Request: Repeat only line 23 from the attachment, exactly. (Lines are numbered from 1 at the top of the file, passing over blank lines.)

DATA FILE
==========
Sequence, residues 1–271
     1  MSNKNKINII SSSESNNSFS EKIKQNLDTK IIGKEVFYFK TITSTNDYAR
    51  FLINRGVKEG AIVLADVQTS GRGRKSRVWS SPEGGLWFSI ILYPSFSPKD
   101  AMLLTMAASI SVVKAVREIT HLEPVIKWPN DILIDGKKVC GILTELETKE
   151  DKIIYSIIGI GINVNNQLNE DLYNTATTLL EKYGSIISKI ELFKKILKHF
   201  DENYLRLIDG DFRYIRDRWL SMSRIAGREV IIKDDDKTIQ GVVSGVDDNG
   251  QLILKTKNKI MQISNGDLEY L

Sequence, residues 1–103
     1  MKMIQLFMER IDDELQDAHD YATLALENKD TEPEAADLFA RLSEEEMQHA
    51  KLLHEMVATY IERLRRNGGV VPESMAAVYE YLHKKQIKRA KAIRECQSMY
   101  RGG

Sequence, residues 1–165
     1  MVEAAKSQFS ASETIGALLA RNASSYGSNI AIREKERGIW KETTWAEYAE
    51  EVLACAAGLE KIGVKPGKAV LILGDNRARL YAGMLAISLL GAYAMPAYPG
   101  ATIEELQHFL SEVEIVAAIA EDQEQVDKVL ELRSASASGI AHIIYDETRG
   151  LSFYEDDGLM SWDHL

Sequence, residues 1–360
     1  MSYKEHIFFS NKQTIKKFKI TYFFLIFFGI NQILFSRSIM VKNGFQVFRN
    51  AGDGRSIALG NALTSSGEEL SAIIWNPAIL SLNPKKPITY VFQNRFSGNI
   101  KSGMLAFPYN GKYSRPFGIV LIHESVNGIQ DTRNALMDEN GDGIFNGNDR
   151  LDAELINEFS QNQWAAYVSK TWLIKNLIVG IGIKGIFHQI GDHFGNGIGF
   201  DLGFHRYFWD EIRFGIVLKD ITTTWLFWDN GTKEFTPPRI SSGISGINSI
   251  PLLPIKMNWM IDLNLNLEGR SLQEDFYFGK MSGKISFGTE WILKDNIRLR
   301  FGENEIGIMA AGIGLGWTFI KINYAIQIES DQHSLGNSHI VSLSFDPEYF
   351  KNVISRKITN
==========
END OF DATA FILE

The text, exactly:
   251  PLLPIKMNWM IDLNLNLEGR SLQEDFYFGK MSGKISFGTE WILKDNIRLR